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I need to load about 6 million objects into a Dictionary. The problem I have is that simply adding them to a Dictionary while constructing them fragments memory as dictionary allocates new arrays and deallocates existing ones. In the end, this way I could only load 2 millions of them into memory due to fragmentation of the free memory. The issue is that I do not know the actual number of the items. It all depends on user input.

My not so perfect solution is this:
1. Use a linked list to store all objects once they are created. I do this as linked lists do not need contiguous free space
2. Create a dictionary with the exact size needed, so no need for re-allocation of internal dictionary arrays
3. copy objects over into the dictionary. This way, I can load up to 3 million

Any suggestions on how I can improve this? Or, are you aware of a free IDictionary implementation that does not use arrays internally.

Thank you

UPDATE: My keys are strings of fixed length depending on value type. Typically about 8 chars long but can be up-to 20 chars. And, the total possible number of items explodes as the key length increases. Fortunately, the current maximum number of items is 12M. The value is a class type of roughly 90-120 bytes in total size per instance

This is a winforms application running on 32-bit windows. And, my typical host machine has 2G of memory. There is a lot of waste of memory in the application that consume a lot of space. Unfortunately, I cannot address them now.

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What are your key/value types? –  Jon Skeet Sep 19 '11 at 6:47
    
Can you theoretically store this in one contiguous array, or is it too big? ie what happens if you call MyObject myObjectArray[] = new MyObject[6000000]; –  Andrew Shepherd Sep 19 '11 at 6:48
1  
Are u in winforms or in aspnet? is this some caching system? what is the total footprint of those 6 millions objects? –  Davide Piras Sep 19 '11 at 6:49
    
After the update: Your K,V items would not cause fragmentation, that leaves only the Dictionary. Careful use of Capacity should be able to solve it, if your problem really is fragmentation. –  Henk Holterman Sep 19 '11 at 8:16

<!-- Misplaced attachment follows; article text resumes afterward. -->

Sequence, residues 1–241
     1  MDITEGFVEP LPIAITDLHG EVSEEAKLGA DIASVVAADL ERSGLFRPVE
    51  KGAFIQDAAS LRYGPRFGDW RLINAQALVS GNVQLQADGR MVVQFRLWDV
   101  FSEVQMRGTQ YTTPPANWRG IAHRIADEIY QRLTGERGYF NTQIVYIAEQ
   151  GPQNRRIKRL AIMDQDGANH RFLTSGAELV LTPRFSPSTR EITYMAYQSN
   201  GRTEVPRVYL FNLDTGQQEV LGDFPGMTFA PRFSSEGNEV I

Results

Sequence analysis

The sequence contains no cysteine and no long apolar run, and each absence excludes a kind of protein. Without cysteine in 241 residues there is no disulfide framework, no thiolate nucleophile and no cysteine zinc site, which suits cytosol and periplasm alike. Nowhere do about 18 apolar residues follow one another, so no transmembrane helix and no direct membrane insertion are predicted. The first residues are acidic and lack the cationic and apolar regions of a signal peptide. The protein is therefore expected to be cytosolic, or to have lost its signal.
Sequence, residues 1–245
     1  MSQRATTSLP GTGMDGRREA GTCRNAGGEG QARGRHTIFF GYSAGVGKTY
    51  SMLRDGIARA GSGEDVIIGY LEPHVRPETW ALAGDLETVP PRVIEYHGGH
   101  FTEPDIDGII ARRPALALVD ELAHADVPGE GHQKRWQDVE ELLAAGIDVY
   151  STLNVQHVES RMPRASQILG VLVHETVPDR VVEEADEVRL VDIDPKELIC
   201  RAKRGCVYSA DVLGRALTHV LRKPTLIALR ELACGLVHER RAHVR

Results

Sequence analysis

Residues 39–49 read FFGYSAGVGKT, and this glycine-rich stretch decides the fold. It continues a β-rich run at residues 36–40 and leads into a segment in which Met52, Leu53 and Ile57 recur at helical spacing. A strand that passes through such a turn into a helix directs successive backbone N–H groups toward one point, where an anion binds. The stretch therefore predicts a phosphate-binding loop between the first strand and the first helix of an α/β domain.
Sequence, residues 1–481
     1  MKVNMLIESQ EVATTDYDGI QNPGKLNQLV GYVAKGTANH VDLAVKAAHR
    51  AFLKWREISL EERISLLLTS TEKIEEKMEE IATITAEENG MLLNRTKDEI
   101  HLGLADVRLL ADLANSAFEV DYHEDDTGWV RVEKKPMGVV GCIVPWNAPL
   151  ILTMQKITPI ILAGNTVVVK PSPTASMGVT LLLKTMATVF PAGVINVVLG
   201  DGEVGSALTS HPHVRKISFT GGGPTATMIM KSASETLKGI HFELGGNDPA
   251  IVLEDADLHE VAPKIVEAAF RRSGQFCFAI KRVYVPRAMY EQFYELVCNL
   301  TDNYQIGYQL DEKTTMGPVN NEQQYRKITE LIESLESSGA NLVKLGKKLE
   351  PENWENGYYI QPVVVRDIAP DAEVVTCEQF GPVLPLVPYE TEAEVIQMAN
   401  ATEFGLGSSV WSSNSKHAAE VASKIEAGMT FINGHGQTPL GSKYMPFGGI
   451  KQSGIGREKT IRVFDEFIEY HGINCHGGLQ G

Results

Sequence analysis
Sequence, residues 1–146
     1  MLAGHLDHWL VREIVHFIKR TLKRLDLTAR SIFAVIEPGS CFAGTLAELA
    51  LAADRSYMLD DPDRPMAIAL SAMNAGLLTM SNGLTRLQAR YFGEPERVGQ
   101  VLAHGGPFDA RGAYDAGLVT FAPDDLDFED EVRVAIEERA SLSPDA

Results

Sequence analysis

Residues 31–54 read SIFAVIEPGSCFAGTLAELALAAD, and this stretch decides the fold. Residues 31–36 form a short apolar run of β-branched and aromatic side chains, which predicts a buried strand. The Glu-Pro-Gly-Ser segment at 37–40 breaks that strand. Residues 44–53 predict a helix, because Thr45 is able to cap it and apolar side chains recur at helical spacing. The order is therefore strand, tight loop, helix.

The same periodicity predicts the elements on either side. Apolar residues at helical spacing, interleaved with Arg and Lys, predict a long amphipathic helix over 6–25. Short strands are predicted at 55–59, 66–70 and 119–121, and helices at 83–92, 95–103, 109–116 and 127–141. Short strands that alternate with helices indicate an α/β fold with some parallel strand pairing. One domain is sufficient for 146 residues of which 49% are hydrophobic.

Would a Trie datastructure be an acceptable solution? –  harold Sep 19 '11 at 11:03

3 Answers 3

up vote 1 down vote accepted

Would some partitioning help?

I've used an approach where I calculate a byte hash using an XOR of the GetHashCode() of the dictionary key to partition the dictionary into 256 smaller ones. Basically you have an internal Dictionary<byte, Dictionary<K, V>> that holds the values for the outer IDictionary<K, V>.

If you started with a large dictionary class like this:

public class LargeDictionary<K, V> : IDictionary<K, V>
{
    private readonly Dictionary<byte, Dictionary<K, V>> _inner =
            new Dictionary<byte, Dictionary<K, V>>();

    private Dictionary<K, V> GetInner(K key)
    {
        var bs = BitConverter.GetBytes(key.GetHashCode());
        var prekey = (byte)(bs[0] ^ bs[1] ^ bs[2] ^ bs[3]);
        if (!_inner.ContainsKey(prekey))
        {
            _inner.Add(prekey, new Dictionary<K, V>());
        }
        return _inner[prekey];
    }

    /* See below */

}

Would you be able to start with this and possibly rebuild parts of the inner dictionary to reclaim memory as you go?

Here's the rest of the class:

    public void Add(K key, V value)
    {
        this.GetInner(key).Add(key, value);
    }

    public bool ContainsKey(K key)
    {
        return this.GetInner(key).ContainsKey(key);
    }

    public ICollection<K> Keys
    {
        get
        {
            var keys = from pk in _inner.Keys
                       from k in _inner[pk].Keys
                       select k;
            return keys.ToList();
        }
    }

    public bool Remove(K key)
    {
        return this.GetInner(key).Remove(key);
    }

    public bool TryGetValue(K key, out V value)
    {
        return this.GetInner(key).TryGetValue(key, out value);